Threats gave way to action Monday as supporters of the charter schools constitutional amendment sued Georgia school districts, which they accuse of illegally using taxpayer resources to oppose the amendment.
Fulton County Schools and Gwinnett County Public Schools were named as representatives of all 180 school districts in Georgia.
The suit, filed in the Superior Court of Fulton County, alleges they and “the rest of the Education Empire are engaged in a coordinated campaign and conspiracy.”
Lawyers for the districts and Glenn Delk, the Atlanta attorney representing those filing suit, are scheduled to appear before a judge Wednesday afternoon. The judge has been asked to order the districts to stop engaging in political activity with taxpayer resources and “to disseminate factual information prepared by the plaintiffs.”
Instead of the typical ‘no comment’ offered in legal cases, Fulton County Schools Superintendent Robert Avossa reiterated his position that his district did nothing wrong in posting question-and-answer material about the amendment on its website. That information remains on the district’s site, and Delk’s clients claim it is misleading and openly anti-amendment.
Avossa said parents have questions about the proposed amendment, which, if approved by voters in November, would guarantee the state’s power to authorize charter schools and establish a commission to consider applications for them.
“I get so many questions on this,” Avossa said. “We decided to put a Q-and-A together. Let’s answer the questions.”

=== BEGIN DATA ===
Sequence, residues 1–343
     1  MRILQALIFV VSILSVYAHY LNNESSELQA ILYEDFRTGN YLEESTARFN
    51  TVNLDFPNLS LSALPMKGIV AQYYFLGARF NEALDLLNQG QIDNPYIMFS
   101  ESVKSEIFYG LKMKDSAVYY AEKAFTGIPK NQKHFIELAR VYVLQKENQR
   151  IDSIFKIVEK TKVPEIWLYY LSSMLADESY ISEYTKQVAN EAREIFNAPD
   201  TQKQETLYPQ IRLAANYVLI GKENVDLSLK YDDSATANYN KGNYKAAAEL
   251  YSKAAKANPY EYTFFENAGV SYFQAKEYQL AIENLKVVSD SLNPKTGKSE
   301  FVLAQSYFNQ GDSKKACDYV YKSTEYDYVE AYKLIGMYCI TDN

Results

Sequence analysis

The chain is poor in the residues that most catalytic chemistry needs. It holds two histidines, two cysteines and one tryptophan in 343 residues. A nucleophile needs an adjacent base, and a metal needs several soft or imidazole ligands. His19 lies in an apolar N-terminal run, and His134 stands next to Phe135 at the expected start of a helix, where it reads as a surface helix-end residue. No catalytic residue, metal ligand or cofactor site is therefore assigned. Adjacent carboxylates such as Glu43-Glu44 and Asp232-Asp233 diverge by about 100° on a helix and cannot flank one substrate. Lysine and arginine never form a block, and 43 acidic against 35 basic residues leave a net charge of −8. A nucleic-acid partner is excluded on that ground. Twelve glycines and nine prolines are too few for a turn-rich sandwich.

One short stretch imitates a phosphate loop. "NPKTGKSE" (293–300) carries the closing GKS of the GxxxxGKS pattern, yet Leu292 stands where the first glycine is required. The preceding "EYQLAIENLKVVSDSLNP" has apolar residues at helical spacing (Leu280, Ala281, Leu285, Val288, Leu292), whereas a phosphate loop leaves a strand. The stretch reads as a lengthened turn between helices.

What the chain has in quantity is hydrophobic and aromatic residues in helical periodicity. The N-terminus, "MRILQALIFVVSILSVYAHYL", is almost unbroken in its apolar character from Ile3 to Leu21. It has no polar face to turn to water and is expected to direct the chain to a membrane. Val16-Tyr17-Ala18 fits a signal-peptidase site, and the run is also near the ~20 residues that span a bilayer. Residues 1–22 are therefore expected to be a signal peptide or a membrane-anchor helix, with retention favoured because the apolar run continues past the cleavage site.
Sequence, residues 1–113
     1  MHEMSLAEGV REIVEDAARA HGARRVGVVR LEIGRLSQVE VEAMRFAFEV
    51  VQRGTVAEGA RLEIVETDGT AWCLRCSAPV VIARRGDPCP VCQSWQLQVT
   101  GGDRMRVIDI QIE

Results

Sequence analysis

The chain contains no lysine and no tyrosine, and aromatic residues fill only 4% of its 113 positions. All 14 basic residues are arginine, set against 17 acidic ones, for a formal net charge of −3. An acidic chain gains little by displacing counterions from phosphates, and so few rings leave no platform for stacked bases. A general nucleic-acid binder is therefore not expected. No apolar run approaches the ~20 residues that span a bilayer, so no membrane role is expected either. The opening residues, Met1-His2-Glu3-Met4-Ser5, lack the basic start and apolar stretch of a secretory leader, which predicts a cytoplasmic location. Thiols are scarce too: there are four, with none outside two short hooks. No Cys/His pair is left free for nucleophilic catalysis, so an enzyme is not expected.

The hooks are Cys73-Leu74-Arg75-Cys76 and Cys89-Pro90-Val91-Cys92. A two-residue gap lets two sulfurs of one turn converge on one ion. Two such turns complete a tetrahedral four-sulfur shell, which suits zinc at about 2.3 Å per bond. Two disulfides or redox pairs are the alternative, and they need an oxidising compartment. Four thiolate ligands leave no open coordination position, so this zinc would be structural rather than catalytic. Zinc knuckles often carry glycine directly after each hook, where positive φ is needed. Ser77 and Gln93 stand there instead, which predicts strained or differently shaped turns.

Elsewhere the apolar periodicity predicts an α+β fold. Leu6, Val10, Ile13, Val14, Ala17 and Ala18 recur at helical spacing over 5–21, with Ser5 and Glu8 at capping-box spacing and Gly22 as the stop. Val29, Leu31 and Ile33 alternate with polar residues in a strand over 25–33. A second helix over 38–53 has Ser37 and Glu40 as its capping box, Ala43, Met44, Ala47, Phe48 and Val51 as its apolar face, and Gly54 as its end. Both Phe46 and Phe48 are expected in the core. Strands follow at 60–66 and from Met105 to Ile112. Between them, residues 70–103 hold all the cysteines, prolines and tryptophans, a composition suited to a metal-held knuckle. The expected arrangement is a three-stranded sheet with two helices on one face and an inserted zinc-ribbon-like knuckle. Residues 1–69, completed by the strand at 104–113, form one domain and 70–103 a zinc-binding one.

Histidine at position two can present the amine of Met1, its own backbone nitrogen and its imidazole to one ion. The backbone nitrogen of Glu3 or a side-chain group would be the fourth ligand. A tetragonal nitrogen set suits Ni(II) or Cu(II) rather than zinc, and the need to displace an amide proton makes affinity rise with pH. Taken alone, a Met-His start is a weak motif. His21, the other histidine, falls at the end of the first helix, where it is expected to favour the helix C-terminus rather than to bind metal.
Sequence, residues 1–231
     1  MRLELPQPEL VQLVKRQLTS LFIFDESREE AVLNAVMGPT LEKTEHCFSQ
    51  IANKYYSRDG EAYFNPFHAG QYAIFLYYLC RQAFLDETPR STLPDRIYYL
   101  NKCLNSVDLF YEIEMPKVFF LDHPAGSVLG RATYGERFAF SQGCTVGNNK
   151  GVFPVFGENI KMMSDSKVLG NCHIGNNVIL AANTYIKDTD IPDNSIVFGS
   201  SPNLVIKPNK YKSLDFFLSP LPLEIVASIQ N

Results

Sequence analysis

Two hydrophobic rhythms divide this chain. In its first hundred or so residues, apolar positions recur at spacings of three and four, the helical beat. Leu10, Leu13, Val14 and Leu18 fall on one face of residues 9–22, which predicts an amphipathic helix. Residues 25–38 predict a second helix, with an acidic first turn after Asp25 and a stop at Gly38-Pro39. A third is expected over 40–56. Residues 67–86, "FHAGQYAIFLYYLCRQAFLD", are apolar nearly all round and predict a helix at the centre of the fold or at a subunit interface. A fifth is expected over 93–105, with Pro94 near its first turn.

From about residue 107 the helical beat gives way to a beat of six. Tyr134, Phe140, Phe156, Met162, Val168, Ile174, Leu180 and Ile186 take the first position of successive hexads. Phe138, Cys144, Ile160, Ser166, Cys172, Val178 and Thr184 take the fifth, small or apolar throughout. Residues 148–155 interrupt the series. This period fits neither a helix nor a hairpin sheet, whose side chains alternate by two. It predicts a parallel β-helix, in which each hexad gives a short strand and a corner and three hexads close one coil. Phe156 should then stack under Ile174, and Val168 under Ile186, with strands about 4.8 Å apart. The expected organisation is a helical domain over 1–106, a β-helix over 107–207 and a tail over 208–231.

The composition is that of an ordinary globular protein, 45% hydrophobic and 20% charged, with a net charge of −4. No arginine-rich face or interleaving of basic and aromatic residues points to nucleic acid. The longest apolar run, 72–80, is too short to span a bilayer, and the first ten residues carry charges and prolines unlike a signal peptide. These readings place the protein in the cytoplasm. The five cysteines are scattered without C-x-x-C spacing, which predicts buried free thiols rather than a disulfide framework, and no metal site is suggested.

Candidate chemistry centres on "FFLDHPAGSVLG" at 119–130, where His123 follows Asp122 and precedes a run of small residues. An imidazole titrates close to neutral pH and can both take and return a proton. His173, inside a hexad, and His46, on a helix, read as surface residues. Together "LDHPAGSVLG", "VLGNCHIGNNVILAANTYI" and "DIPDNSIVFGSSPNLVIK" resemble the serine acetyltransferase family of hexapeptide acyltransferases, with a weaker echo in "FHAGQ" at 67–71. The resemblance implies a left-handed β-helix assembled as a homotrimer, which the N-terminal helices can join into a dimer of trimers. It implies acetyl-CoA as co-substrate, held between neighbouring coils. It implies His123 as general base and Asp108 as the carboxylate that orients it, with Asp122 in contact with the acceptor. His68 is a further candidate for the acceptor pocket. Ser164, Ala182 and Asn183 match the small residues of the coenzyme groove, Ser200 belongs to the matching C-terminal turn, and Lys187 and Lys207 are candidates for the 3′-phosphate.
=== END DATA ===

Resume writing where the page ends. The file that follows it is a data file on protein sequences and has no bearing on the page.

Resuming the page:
Gwinnett officials said they are still reviewing the suit and could not comment.
Jeannie “Sis” Henry, executive director of the Georgia School Boards Association, said board members will not be intimidated into dropping their opposition. “This is no conspiracy,” Henry said. “This is not the Evil Empire. These are educators, and they’re opposed to this.”
Monday’s filing disclosed Delk’s clients, whom he previously declined to identify. They include Rae Anne Harkness, a charter school parent in DeKalb County; Kelley O’Bryan Gary, chairman of the Jackson County Republican Party; and Rich Thompson, founder and chief executive officer of 100Dads, a charter school parent group that supports school choice.
The charter school fight splits largely along party lines, with many Democrats opposing the amendment as a potential funding threat to traditional public schools and many Republicans supporting it as an alternative to parents whose children attend failing traditional public schools.
There are notable exceptions, including Georgia Schools Superintendent John Barge, a Republican who angered many in his party by coming out against the amendment.
In announcing his opposition, Barge released a 29-point statement, parts of which some districts have used in relaying information about the amendment to parents.
Delk’s clients complained that the superintendent violated state law in using public resources to oppose the amendment. They threatened to file suit.
Barge insisted he had not violated state law, but he removed the statement from the Georgia Department of Education’s Web site, which later included an alert that the department was neutral on the issue.
Jeffy Scott and Nancy Badertscher contributed to this article